She shot him in the back then went to the beach with her kids. Sweet! She knew enough to yank the phone cord out of the wall as well. If she was a battered wife, I’m very sorry for but shooting someone while they are sleeping is NOT the answer.
I am not a pastors wife so I won’t pretend to know of the unique pressures however, I do not think that murder is ever the appropriate response to anything.
I can’t tell you the number of times I’ve had enough and felt like killing someone and yet, curiously, I was able to control myself. I do not act upon every urge that comes my way. That’s what being an adult is all about.
I understand isolation also, but murder a sleeping man with a shot to the back with your children in the next room? Whatever.
I don’t know about this case, and it does sound horrific. I do know of battered women who left their abusers and were pursued and even killed by them, which is also horrific. I can only speculate that this woman may have also known of such cases, or feared such an outcome or feared that her children might be hurt or taken away from her.
It’s actually very common for battered wives to kill their husbands while they sleep. If that’s what they’re going to do, it’s usually when they do it. Because usually the batterer is so controlling, it’s the only time she feels she has any control of anything in her life at all. I’m not saying it’s right, I’m just saying it’s common among battered women who kill, because if it’s during confrontation, it’s usually the woman who ends up dead.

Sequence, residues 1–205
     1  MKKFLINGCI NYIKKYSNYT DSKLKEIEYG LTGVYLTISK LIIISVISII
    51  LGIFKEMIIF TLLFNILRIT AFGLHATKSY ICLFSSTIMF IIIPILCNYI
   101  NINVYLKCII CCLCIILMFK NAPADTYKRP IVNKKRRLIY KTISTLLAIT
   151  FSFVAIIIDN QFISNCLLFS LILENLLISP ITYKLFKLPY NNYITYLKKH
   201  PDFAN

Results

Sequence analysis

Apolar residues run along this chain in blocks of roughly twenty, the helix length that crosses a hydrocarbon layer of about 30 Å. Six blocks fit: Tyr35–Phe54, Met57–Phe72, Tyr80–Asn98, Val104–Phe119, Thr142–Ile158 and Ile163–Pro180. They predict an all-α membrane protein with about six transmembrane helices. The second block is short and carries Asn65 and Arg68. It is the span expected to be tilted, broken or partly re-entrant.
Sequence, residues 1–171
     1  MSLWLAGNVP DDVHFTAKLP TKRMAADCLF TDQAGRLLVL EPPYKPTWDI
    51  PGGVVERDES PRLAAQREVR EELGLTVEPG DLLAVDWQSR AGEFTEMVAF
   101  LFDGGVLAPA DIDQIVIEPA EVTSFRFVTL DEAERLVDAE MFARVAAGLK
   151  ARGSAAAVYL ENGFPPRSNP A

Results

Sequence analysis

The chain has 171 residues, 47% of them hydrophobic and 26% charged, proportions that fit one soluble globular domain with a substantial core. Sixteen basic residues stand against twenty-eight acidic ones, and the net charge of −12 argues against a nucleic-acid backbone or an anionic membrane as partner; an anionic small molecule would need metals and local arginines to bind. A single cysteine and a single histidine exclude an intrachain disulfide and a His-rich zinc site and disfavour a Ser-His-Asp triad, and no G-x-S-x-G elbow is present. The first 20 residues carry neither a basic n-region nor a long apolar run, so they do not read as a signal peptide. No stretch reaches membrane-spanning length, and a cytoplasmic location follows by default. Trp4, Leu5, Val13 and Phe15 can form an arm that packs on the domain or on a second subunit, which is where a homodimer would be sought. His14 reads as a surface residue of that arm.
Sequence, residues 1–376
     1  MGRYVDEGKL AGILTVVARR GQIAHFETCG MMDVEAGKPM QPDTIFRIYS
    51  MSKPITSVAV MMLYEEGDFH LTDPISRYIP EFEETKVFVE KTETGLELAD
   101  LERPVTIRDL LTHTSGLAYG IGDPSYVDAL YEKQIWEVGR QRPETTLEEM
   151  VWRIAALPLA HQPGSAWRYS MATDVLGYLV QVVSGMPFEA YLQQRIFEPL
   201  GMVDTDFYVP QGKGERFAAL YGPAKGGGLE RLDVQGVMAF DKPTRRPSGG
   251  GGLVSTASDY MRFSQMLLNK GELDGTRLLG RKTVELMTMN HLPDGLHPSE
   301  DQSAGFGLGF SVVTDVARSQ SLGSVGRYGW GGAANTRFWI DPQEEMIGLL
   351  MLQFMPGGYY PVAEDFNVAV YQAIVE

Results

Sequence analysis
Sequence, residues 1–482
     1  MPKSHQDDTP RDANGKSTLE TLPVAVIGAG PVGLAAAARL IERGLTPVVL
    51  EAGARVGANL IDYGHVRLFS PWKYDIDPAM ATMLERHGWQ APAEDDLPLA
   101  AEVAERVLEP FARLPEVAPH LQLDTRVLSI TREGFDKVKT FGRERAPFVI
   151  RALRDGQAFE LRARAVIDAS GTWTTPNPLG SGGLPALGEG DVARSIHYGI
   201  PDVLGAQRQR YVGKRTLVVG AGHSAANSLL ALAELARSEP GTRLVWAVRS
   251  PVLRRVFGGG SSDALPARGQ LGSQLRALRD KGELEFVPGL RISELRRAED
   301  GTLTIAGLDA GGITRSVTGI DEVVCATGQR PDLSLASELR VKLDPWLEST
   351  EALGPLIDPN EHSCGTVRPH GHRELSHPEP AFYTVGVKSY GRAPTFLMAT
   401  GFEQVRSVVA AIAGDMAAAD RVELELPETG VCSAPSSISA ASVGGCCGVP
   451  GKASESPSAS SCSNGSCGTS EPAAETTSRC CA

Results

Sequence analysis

Many batterers and emotional abusers work very hard to give their victims the impression of omnipotence. It makes it less likely for her to try to escape or fight back if she feels that he will always win. However, if and when the point is reached that she “has enough”, often that very brainwashing convinces her that the only way to rid herself of the terror is to end his life.
I know this because I’ve felt it myself toward my abuser. I DIDN’T kill him, but I wanted to.
Was she battered? We will never know.
Did she commit murder? Absolutely yes.
Do I understand our judicial system? No.
An old friend of my son’s, from elementary school, is in prison for life with NO possibility of parole for driving the ‘getaway’ car in a robbery that turned into a murder. He was not an adult at the time, but was tried as one.
He had no gun. He pulled no trigger. He saw nothing.
NO matter WHAT happens to us, we ARE responsible for our own actions.
I arrived here through blogtopsite. As I was reading I noticed your post on Mary W. Here’s humble opinion or what they call 2 cents worth:
I like your blog and will visit here more often.
“I’m amazed that she will serve less than six years for the murder of her husband”
But she won’t; she’ll serve less than six years for the manslaughter of her husband – she wasn’t convicted of murder.
So you can only be amazed at the lack of conviction for murder, or the length of the sentence for manslaughter, no?
I also find her actions hard to understand, and the sentence light. I think we really get so little of a story through the media, that we can’t be sure we know or understand the dynamics at work.
I do think she could, and should, have found another route.